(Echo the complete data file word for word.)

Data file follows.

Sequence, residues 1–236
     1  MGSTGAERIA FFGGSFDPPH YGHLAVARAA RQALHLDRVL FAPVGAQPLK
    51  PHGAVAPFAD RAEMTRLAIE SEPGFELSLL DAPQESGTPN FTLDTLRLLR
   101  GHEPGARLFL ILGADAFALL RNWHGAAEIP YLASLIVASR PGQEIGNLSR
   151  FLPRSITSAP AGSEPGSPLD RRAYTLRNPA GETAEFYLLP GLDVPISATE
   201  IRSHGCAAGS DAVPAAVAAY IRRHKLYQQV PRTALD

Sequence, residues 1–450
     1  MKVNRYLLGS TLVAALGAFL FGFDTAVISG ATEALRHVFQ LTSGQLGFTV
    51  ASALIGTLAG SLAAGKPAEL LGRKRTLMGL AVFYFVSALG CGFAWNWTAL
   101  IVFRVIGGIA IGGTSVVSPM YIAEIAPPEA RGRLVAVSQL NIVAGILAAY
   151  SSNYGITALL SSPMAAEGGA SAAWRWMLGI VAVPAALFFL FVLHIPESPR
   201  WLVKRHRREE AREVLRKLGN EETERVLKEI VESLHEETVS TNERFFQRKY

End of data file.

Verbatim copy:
Sequence, residues 1–236
     1  MGSTGAERIA FFGGSFDPPH YGHLAVARAA RQALHLDRVL FAPVGAQPLK
    51  PHGAVAPFAD RAEMTRLAIE SEPGFELSLL DAPQESGTPN FTLDTLRLLR
   101  GHEPGARLFL ILGADAFALL RNWHGAAEIP YLASLIVASR PGQEIGNLSR
   151  FLPRSITSAP AGSEPGSPLD RRAYTLRNPA GETAEFYLLP GLDVPISATE
   201  IRSHGCAAGS DAVPAAVAAY IRRHKLYQQV PRTALD

Sequence, residues 1–450
     1  MKVNRYLLGS TLVAALGAFL FGFDTAVISG ATEALRHVFQ LTSGQLGFTV
    51  ASALIGTLAG SLAAGKPAEL LGRKRTLMGL AVFYFVSALG CGFAWNWTAL
   101  IVFRVIGGIA IGGTSVVSPM YIAEIAPPEA RGRLVAVSQL NIVAGILAAY
   151  SSNYGITALL SSPMAAEGGA SAAWRWMLGI VAVPAALFFL FVLHIPESPR
   201  WLVKRHRREE AREVLRKLGN EETERVLKEI VESLHEETVS TNERFFQRKY